Murder probe after woman dies from nerve poisoning
A woman poisoned by a military-grade nerve agent has died, eight days after police think she touched a contaminated item that has not been found.
London's Metropolitan Police launched a murder inquiry after 44-year-old Dawn Sturgess died in a hospital in Salisbury, near where the former Russian spy Sergei Skripal and his daughter, Yulia, were poisoned four months ago.
Ms Sturgess and her boyfriend, Charlie Rowley (45), were admitted to hospital in south-west England. He remains in a critical condition.
Police said tests showed the pair were exposed to Novichok, the same type of nerve agent used to poison the Skripals.
Police suspect Mr Rowley and Mr Sturgess handled an item from the first attack, which Britain blames on Russia. Moscow has denied any involvement.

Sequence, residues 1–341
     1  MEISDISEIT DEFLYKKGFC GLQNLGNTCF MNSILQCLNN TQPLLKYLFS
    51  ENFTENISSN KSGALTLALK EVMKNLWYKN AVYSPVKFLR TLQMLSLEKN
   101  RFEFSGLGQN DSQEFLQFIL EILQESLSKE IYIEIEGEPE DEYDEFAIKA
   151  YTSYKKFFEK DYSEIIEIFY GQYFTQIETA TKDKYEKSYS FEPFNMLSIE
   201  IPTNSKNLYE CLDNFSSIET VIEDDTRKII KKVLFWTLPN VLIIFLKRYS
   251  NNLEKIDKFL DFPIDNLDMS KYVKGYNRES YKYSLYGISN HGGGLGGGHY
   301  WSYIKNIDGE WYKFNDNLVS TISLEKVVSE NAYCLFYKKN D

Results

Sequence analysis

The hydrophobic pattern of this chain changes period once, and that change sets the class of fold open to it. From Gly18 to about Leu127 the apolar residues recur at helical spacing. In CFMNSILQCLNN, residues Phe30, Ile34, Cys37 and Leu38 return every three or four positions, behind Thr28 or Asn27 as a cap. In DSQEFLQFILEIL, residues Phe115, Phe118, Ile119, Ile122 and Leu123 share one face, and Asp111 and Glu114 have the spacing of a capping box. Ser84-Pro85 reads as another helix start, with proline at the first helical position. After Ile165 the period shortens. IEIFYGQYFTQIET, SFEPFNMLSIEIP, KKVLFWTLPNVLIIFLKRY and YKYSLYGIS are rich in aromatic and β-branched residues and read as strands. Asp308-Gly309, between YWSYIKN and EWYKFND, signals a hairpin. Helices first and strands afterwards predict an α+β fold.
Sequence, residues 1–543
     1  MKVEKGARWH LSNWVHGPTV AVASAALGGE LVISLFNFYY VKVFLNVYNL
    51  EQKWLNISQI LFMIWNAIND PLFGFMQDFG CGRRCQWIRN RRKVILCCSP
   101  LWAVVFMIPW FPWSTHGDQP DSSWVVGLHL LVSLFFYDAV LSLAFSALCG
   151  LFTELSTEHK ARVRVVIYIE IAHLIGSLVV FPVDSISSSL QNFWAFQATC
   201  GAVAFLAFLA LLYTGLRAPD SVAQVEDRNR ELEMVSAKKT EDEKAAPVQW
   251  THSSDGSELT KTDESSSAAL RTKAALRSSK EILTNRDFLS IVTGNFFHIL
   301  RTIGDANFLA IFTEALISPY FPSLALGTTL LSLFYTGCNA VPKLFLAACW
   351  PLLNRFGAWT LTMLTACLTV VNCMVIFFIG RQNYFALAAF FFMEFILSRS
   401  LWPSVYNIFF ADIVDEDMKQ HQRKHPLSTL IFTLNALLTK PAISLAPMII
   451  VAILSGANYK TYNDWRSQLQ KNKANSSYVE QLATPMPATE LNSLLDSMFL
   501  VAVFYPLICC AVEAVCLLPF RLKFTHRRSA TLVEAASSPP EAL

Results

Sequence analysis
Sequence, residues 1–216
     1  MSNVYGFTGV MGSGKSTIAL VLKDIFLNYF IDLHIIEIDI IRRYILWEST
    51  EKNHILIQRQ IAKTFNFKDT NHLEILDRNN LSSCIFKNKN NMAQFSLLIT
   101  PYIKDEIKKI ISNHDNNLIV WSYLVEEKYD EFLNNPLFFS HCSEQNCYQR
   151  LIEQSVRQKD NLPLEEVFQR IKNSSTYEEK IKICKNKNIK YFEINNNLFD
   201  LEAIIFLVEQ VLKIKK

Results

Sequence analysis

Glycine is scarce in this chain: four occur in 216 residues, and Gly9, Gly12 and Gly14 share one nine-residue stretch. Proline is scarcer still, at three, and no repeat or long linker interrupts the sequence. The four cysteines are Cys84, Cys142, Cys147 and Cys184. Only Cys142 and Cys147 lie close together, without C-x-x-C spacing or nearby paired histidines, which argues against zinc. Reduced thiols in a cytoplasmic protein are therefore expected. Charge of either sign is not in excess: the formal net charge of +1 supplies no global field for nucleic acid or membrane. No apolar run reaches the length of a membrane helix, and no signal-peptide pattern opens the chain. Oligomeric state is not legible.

British Prime Minister Theresa May said she was "appalled and shocked" by the death of Ms Sturgess.
"Police and security officials are working urgently to establish the facts of this incident, which is now being treated as murder," Mrs May said.
Assistant Commissioner Neil Basu, Britain's top anti-terrorism police officer, said the death "has only served to strengthen our resolve" to find those responsible.
More than 100 police officers have been working to locate a small vial or other container thought to have held the nerve agent that sickened the two.
Officials say the search and clean-up operation will take weeks or even month.
Counter-terrorism police are also studying roughly 1,300 hours of CCTV in the hope of finding clues about the couple's activities in the hours before they became violently ill.
Detectives want to know where the couple were in order to get new leads on where the contamination might have occurred.
Britain maintains that the March attack on the Skripals was ordered by the Russian government, a charge denied by representatives of Russian President Vladimir Putin. The case led to the expulsion of Russian diplomats from Britain.